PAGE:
We would in no way suggest that other EA certifications are not valuable, but we want to teach you why they are valuable and if the one you are considering is right for you. What if the methodology you are certified in doesn’t address the issues in your organization? If you understand the ontology (Zachman), then you define your own methodology, diagnose your organization and implement a strategy for addressing your unique issues. Our recommendation is to get certified in the Enterprise Ontology first, then you will be equipped to know which methodology fits you best.
So you see, the set of standards in EA does exist. We have spent decades defining these standards. I think you’ll find that all the pieces are there and that any scenario you can think of can be mapped against The Zachman Framework - and the certification you already have, or are considering, in some methodology just became way more powerful because you now understand the ontology- the science.
The Zachman Certification is truly geared toward solving General Management problems, not spending months, or even years, building models that no one knows what to do with. We have found that by doing some preliminary work identifying the “primitive” elements defined in the Zachman Enterprise Ontology, takes far less time and the re-use you get from these primitives to address other issues in the organization is extraordinary. These primitive elements allow you to generate massive composite models “on the fly” that typically take 3-4 times longer to generate without them; and the analytical capability is like nothing you’ve seen. This is a new way of thinking, a new “scientific” EA.
With the sheer amount of complexity and change that has defined the present state of our world, it’s no wonder that more executive leaders are turning to Enterprise Architecture as a means to solve their most painful problems, plan a way out of situations, reduce their complexity tax and set themselves up for the future. My intent in this article is to show that there is merit in all certification programs, but those that are derived from The Zachman Framework ontology are especially significant in that they are fundamental contributors to Enterprise Architecture as a science. The Zachman Framework is about solving real, business problems. It is not about building a bunch of models that will sit on a shelf somewhere.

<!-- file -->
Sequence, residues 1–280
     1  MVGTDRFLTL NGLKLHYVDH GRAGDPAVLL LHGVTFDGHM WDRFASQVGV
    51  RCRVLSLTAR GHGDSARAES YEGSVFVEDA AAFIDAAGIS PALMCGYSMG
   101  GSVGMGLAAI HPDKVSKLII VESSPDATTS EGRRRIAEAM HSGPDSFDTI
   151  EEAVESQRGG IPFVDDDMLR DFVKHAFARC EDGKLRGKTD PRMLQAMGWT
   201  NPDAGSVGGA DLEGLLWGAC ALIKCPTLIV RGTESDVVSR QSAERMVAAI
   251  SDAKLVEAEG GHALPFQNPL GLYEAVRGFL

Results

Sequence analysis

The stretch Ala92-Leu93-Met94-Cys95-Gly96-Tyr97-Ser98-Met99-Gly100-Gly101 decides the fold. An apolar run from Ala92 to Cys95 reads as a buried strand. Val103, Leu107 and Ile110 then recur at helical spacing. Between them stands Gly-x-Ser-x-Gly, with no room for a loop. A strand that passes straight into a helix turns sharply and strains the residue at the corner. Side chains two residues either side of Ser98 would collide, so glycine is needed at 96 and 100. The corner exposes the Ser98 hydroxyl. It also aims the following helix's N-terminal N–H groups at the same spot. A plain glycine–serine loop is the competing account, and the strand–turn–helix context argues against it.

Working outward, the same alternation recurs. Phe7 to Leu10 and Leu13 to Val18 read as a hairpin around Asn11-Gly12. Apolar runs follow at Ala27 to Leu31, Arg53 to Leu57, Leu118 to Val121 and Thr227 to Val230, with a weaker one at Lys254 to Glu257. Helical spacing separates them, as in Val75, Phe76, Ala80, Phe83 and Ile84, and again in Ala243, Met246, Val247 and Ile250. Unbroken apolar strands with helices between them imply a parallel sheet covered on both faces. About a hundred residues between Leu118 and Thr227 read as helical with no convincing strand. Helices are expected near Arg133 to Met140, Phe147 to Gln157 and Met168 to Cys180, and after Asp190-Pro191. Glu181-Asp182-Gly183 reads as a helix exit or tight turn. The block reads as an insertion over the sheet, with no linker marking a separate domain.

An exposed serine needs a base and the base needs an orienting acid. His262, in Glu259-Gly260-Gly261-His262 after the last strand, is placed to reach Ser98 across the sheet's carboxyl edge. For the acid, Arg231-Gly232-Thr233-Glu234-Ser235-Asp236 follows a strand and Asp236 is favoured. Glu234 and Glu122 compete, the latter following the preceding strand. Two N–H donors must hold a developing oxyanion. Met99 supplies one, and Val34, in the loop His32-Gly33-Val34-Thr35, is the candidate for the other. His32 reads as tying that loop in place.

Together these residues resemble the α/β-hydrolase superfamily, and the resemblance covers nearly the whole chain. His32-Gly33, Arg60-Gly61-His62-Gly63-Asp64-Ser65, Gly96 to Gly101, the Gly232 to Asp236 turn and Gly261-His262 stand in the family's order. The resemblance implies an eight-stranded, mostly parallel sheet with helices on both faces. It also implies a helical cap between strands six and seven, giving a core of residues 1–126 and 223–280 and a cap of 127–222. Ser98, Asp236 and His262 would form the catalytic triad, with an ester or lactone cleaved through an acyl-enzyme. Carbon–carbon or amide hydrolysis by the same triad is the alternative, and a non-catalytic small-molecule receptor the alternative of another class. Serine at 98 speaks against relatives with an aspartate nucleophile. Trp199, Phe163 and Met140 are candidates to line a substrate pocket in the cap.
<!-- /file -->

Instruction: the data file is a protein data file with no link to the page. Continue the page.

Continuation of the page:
I think a wise man once said that, “it is my opinion that Enterprise Architecture is the determinant of survival in the Information Age.” - John A. Zachman (2008) in “The Concise Definition of The Zachman Framework™.” Hopefully this brings a bit more clarity.
• Schekkerman, J. (2004). How to Survive in the Jungle of Enterprise Architecture Frameworks. Victoria, BC: Trafford.
• Zachman, J.A. (2008). John Zachman’s Concise Definition of The Zachman Framework™. Retrieved for this article from the world wide web: http://www.zachman.com/about-the-zachman-framework
• Retrieved for this article from the world wide web: http://www.merriam-webster.com/
• The Zachman Framework™ graphic is available for no cost with registration at http://www.zachman.com
© 2009 John P. Zachman, Zachman International®, Inc.